That play secured the second out of the inning, and one groundout later, Team USA was celebrating a 6-4 victory.
Those are the kind of plays Romine has been making all year long, both at the plate and in the field. He's hit .296 with five homers and 41 RBI in 64 games for the Yankees Double-A squad, while offering the best defensive package of any backstop in the system. Heck, you could make the argument that Romine is the best defensive player in the organization, regardless of position. He has a career fielding percentage of .990.
And that's why, despite Montero's greater offensive potential, Romine isn't going anywhere.
Green was the darling of the Futures Game, going 2-for-2 with two doubles and an RBI. He also scored a run.
After unexpectedly being asked to move over to second base after not taking any ground balls there for months, Green handled all of his defensive chances better than anyone expected.
Not only was he one of just three players (Jose Altuve and Austin Romine were the others) to notch two hits, but he also won game MVP honors after scoring the game-tying run in the bottom of the eighth inning.
The event also seems to have jump-started his bat. Since making his appearance in the game, Green is hitting .301 with eight doubles and seven RBI in 18 games.
For the season Green is hitting a respectable .287 with five homers and 44 RBI for the A's Double-A squad. The power numbers are way down from 2010, when he hit 20 home runs, but he's still hitting at a solid clip while showing greater patience.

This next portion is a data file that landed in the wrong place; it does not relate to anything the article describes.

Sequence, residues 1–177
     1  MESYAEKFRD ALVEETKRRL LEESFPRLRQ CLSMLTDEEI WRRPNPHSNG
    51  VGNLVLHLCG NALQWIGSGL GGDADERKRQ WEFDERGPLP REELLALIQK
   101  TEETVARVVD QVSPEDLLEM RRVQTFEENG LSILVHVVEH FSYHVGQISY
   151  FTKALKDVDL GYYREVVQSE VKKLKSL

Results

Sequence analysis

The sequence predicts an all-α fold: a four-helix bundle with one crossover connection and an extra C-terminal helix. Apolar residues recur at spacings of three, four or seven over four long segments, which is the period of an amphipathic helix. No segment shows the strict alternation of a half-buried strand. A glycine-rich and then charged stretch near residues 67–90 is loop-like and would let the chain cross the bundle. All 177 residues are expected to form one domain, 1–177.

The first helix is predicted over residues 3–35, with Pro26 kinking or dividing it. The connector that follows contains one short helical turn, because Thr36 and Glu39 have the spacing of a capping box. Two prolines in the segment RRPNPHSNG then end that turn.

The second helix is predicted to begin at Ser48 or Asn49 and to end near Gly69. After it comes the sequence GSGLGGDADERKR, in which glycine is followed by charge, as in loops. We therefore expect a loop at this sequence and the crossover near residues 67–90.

Considering he plays one of the most premium positions on the diamond, and the fact that Oakland's big league club currently lacks any kind of elite talent, Green is in Oakland for the long haul, whether he likes it or not.
Cosart is just one of many talented arms that the Phillies have pitching for their High-A affiliate.
Cosart, however, is having arguably the best season and looks like the safest bet to reach his ceiling. Although he has struggled this year with high walk rates, batters are only hitting .239 off the right-hander, allowing him to maintain his solid 4.13 ERA through 17 starts.
Before his most recent start, his ERA stood at 3.23, although surrendering seven earned runs in just one inning of work will take its toll on the stat line.
Cosart's top outing this year came in the form of seven, one-hit innings in which he struck out eight and walked one.
He also looked incredible during his Futures Game inning, in which he struck out two batters and showed excellent velocity, touching 97 mph and sitting consistently in the 95-96 range.
With three-quarters of their rotation made up of veterans older than 30, Cosart's development is going to be crucial to Philadelphia's future.
Since he didn't make his debut as early as Bryce Harper or Manny Machado, very little attention has been paid to the No. 2 overall pick from last year's draft.
That hasn't stopped Taillon from looking incredibly sharp in his first 15 starts with Low-A West Virginia.
He hasn't gone past the fourth inning in most starts, and never past the fifth, but he's still managed to post a 60:10 K:BB ratio in 61.2 innings, while posting a 4.09 ERA.
During four starts in June, Taillon posted a 2.70 ERA, struck out 18 batters and walked none. In July, however, he's been hit harder than ever, surrendering 13 earned runs in just 16 innings.
Even if the Pirates try to make a splash in the trade market before the deadline, you can bet your you-know-what that Taillon won't be a part of the deal. He's just too valuable to the organization.
After all, top team officials have said that if they would have had the No. 1 overall pick last year, they still would have selected Taillon over Bryce Harper.
Martinez has been a revelation this year, carrying over the momentum from his stellar run in the Dominican Summer League last year.
Pitching in full-season ball definitely agrees with the 19-year-old, who posted a 2.33 ERA in eight starts before a promotion to High-A Palm Beach.